Despite regional housing values rising for the past five months, a new analysis of year-on-year performance shows many markets are still reeling from high interest rates and a shift in migration patterns back to pre-COVID levels.
CoreLogic’s quarterly Regional Market Update, which examines Australia’s 25 largest non-capital city regions, shows 18 areas recorded an annual decline in house values over the year to July 2023.
Of the seven markets where values rose, houses in the South East region of South Australia, which includes tourism hotspots Kangaroo Island, the Fleurieu Peninsula and the Limestone Coast, had the largest annual growth for the fourth consecutive report. Values lifted 9.1% in the year to July, a small dip from 10.8% three months ago.
Queensland was a big winner when it came to regional market capital growth, including Central Queensland (2.7%), neighbouring Mackay–Isaac–Whitsunday (1.2%), Toowoomba (0.7%), and Cairns (0.5%), with Bunbury, WA (3.7%) and New England and North West, NSW (1.6%) rounding out the top seven.
In contrast, the weakest conditions over the past year persisted in NSW lifestyle markets Richmond-Tweed (-20.4%) and Southern Highlands and Shoalhaven (-15.0%), although the annual pace of declines is easing. Victoria’s Ballarat (-11.2%) and Geelong (-10.4%) were the only other regions included in the report to record a double digit decline in house values over the past year.
CoreLogic Australia Head of Research, Eliza Owen, said despite regional Australian dwelling values rising for the past five months, values remain -5.6% below this time last year, and sales volumes are down -21.3%.
“While the market is starting to recover, value growth is largely being led by capital city markets, reflecting milder housing demand across regional Australia as demographic patterns normalise,” Ms Owen said.
“Year-on-year growth was hard to find across regional Australia in the past 12 months. The markets that saw an increase were largely more affordable, and were more rural. Presumably, lower value assets have been more resilient to increases in interest costs because they require lower indebtedness.
“Additionally, targeted migration programs also tend to focus on parts of regional Australia as a pathway to permanent residence, so some of the more rural, regional parts of the country may have seen sustained housing demand as international travel restrictions have lifted through 2022,” she said.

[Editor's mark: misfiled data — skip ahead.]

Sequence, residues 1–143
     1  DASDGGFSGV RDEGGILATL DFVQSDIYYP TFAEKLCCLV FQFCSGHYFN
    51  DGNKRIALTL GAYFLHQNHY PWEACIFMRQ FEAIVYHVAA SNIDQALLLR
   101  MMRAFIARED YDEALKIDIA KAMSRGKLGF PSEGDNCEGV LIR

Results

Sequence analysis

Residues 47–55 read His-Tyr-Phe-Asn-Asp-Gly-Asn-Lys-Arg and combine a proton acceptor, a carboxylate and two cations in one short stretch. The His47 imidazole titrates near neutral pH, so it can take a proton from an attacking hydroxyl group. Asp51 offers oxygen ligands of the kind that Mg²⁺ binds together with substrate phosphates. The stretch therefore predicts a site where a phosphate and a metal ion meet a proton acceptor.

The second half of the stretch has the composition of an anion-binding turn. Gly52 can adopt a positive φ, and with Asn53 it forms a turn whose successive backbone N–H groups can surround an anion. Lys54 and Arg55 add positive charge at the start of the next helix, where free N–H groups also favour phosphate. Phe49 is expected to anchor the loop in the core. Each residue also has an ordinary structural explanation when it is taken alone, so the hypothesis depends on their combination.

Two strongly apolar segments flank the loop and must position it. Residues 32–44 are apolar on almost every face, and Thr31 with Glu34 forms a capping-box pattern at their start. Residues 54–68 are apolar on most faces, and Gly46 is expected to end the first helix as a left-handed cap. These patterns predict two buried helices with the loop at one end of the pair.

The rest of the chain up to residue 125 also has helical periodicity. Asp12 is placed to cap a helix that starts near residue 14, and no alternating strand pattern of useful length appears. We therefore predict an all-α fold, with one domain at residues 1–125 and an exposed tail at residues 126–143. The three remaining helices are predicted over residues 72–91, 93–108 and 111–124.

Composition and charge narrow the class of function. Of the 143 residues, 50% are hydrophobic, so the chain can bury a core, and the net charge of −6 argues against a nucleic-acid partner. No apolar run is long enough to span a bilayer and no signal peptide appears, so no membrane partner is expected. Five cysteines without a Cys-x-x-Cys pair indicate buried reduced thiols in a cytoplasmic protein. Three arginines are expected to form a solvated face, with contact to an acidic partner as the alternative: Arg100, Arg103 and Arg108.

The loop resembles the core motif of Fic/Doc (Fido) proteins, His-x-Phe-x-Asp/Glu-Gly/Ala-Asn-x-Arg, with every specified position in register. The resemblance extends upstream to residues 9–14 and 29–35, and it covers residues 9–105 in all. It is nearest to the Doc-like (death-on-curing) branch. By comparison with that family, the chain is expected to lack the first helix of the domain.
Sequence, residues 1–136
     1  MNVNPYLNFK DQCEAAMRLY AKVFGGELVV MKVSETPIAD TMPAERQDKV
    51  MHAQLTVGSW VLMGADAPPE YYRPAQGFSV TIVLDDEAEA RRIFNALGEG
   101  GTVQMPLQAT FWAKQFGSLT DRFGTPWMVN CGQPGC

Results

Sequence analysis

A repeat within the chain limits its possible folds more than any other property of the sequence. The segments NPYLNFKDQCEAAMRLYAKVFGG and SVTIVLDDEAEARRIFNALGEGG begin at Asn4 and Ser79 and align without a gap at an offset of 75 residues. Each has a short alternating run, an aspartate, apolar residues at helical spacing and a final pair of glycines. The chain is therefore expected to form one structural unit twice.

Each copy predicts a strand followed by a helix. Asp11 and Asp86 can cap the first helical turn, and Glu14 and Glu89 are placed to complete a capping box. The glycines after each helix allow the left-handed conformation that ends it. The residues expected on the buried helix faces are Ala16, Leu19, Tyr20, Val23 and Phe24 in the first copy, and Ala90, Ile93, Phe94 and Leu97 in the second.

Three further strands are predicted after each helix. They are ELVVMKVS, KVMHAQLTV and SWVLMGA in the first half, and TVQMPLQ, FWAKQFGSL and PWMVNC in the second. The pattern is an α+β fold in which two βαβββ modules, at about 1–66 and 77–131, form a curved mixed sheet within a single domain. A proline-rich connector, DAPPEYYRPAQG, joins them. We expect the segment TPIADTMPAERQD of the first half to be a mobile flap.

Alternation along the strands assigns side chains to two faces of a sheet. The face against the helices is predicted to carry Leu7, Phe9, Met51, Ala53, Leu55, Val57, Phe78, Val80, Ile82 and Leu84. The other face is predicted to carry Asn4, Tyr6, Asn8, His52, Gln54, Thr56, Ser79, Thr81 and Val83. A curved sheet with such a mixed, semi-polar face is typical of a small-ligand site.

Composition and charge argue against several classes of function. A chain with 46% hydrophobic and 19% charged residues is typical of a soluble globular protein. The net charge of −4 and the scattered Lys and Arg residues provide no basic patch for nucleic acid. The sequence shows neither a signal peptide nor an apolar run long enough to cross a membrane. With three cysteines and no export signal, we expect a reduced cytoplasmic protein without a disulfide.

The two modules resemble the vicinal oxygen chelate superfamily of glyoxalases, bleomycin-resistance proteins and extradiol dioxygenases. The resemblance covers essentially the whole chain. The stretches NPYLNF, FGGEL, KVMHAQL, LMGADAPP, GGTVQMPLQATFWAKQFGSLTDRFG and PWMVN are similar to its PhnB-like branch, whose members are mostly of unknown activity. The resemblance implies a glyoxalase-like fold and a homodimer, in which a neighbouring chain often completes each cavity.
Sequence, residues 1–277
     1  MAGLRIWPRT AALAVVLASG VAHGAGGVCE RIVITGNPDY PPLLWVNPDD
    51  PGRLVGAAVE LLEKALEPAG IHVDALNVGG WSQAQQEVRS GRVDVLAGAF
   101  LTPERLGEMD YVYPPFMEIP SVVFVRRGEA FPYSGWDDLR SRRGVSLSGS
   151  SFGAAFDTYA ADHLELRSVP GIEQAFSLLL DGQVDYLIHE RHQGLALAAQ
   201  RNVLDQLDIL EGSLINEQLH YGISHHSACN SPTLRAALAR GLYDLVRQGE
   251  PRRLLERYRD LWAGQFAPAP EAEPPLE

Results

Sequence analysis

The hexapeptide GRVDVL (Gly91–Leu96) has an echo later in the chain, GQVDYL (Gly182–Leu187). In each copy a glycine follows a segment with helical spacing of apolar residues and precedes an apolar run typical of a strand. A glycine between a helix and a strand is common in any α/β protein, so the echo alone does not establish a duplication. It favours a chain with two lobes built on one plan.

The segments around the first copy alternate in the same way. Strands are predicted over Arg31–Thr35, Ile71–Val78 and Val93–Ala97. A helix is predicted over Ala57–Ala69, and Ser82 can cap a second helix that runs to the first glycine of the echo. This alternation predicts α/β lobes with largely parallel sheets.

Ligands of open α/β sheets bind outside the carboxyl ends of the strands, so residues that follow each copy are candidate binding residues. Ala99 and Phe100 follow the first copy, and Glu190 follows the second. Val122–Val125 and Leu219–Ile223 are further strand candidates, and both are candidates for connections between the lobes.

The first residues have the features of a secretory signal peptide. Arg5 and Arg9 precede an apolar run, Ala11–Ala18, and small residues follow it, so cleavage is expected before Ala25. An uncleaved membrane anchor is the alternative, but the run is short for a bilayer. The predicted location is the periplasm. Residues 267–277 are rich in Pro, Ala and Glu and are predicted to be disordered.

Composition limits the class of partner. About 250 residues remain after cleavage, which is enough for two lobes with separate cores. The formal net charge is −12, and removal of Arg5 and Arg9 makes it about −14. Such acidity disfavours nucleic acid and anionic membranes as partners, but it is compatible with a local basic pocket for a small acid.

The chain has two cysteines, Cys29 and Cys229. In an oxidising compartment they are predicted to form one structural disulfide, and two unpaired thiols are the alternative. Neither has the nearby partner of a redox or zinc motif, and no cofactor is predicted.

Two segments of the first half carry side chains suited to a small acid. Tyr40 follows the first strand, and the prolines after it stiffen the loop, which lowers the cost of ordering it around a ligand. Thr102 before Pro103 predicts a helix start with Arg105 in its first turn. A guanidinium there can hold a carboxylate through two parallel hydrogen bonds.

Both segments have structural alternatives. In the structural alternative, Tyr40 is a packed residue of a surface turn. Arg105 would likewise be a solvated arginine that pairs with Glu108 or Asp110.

Every region recorded a decline in house sales volumes over the 12 months to May. Townsville recorded the smallest decline at -11.3%, followed by Central Queensland (-12.7%). Six regions recorded a decline of at least -30%, with five of these located in NSW.
The Southern Highlands and Shoalhaven region recorded the largest drop in sales (-33.6%), largest vendor discounting rate (-6.7%), and longest time on market (79 days), which Ms Owen says is almost twice as long to sell than a year ago.
Five of Australia’s regional unit markets recorded positive annual growth in the 12 months to July 2023, led by NSW’s Riverina region for the second consecutive time. Unit values rose 18.7%, more than double the second and third strongest markets Cairns (9.2%) and Hume, Victoria (9.1%).
At the other end of the scale, Launceston and North East (Tas) and Richmond-Tweed recorded the equal largest decline in unit values over the past year of -11.4%.
Unit sales volumes declined in all regions over the year to May. Bunbury recorded the smallest decline (-4.2%) while Southern Highlands and Shoalhaven recorded the largest (-42.5%).
Toowoomba recorded both the shortest time on market at just 22 days and lowest vendor discounting rate of -2.0%. Units across NSW’s Mid North Coast were the slowest to be sold at 62 days while vendors across the Launceston & North East region are offering the largest discounts at -6.2%.
Ms Owen said undoubtedly the easiest way to characterise the markets most impacted by rate rises is the price point.
“The higher the value of the market, the more likely it’s seen poorer performance in the past year. But the good news for sellers is that these markets appear to have passed through the depths of the downswing,” she said.
“Using Richmond-Tweed houses as an example, while the asset has seen an annual decline of -20.4%, this is up from a year-on-year fall of -24.2% in the 12 months to April. In two of the past three months, houses in this market have actually increased.
“While there’s still a few headwinds on the horizon for housing market performance more broadly, popular high-end markets could start to stabilise as mortgage rates move closer to a peak, and capital city markets become more expensive,” Ms Owen said.